Reflecting on a Month of Making: EiTM Lab’s Symposium Highlights and Takeaways

In February 2024, the EiTM Lab participated in various maker symposiums focused on equitable making and maker literacies. Dr. Melo joined these events virtually, while Graduate Research Assistants Luxin (Grace) Zhang and Rachel Rodney physically attended workshops in the Bay Area, California, and Arlington, Texas, respectively. Below, you can find the key insights gained from these events.

CRAFT Network for Researchers and Makers 

From February 9th to February 12th, Grace attended the 2024 CRAFT Network Meeting: Cultivating Reciprocal Partnerships with Communities, Researchers, and Makers Educators at the Children’s Creativity Museum in San Francisco, California. 


Exhibit in Childrens Museum

Photo of Children’s Creativity Museum


Grace presented various EiTM Lab publications to a group of scholars and practitioners specializing in equity and interdisciplinary approaches in STEM education. These publications included the original virtual Makerspace, its redesigned version, and signage from the redesigned Makerspace. During the presentation, she discussed the connection between physical spaces, learning, and the sense of belonging. Grace affirmed what the research data revealed: the Virtual Makerspace can be a valuable tool for educators and researchers aiming to create community-centered learning experiences, drawing on direct feedback from users.

During the group discussion, Grace raised important questions regarding the systematic impact of research, emphasizing the importance of effective dissemination and communication for sustained research influence, particularly after funding ends.

At the CRAFT Network conference and during the tour of the Children’s Creativity Museum, the EiTM Lab showcased the significant cultural and creative contributions of local communities. They shared valuable resources with their partners and linked their work to the broader maker community outside their state, specifically highlighting Bay Area makerspaces and practices. This was aimed at laying the groundwork for future research-practice partnerships.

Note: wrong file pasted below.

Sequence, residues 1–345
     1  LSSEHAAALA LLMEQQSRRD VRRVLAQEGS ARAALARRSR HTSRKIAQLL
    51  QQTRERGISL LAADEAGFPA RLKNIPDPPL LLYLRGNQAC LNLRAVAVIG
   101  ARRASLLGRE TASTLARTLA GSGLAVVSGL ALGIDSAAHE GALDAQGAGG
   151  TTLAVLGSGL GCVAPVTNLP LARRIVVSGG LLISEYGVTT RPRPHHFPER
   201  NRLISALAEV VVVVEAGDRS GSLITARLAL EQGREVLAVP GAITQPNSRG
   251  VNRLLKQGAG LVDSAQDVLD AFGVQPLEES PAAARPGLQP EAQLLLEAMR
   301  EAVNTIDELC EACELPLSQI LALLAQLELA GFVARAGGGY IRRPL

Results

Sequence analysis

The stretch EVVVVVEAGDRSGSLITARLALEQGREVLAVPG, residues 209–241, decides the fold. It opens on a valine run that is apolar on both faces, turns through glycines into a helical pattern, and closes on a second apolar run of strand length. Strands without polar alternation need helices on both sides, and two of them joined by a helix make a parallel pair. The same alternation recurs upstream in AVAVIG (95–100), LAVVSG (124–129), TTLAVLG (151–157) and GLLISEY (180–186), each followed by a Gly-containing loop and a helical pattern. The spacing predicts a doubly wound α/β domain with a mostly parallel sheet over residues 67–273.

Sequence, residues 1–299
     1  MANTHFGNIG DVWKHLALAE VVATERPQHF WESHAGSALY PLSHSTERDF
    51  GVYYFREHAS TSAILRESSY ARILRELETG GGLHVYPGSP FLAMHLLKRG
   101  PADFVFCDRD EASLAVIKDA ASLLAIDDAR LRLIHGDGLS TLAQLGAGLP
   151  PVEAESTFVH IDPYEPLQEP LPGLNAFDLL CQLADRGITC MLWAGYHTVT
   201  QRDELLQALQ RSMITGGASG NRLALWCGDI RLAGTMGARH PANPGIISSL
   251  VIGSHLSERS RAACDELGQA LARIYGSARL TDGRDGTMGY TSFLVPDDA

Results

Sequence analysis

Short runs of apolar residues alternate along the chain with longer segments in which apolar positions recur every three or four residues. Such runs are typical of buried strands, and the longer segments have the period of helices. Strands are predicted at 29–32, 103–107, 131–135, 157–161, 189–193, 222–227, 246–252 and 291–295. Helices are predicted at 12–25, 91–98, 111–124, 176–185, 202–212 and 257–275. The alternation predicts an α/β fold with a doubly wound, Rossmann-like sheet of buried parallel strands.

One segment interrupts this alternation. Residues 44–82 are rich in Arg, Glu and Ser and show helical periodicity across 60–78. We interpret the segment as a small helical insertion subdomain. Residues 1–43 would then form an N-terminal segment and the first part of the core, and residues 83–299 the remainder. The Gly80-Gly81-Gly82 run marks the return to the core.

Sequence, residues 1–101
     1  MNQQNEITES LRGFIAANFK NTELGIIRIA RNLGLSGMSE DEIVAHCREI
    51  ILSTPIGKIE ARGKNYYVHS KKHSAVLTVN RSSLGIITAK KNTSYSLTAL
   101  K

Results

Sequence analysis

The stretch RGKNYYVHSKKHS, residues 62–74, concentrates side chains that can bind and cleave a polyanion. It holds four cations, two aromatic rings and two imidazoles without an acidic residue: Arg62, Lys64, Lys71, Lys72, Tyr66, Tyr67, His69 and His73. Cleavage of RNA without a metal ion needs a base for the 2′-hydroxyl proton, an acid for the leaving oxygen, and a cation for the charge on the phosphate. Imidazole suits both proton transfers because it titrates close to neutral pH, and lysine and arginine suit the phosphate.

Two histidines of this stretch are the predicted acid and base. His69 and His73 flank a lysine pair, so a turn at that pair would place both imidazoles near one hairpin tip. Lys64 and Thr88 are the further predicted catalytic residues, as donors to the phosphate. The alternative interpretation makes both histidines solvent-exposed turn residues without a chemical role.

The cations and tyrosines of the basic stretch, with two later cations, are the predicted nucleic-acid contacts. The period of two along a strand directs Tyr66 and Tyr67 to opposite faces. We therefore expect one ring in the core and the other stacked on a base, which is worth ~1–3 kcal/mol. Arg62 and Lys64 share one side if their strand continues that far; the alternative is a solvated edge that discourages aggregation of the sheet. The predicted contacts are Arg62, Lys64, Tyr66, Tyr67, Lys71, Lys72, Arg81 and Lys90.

People sitting around tables at conference

Photo from CRAFT Meeting


Maker Immersion for Makerspace Organizers

Furthermore, EiTM participated in the Maker Literacies Mini Immersion event on February 23rd, 2024, at the University of Texas Arlington (UTA) Library. The goal of this event was to engage with Maker Literacy standards that their Fablab developed through research studies conducted with UTA students. Some standards they established included students’ abilities to ideate and prototype, be safe in a makerspace environment, and collaborate in teams when making. To see more details about Maker Competencies, please refer to this resource

As part of the Mini Immersion, EiTM evaluated how the literacy standards might be applied to INLS 690: Information Professionals in the Makerspace, which is a recurring course where information science students learn how to express data through making.


Examples of making

Glasswork and Digital Presentation Area in UTA Library Fablab


In addition to the workshop regarding maker literacy standards, we toured UTA Library’s Fablab and networked with other makerspace professionals who attended the event.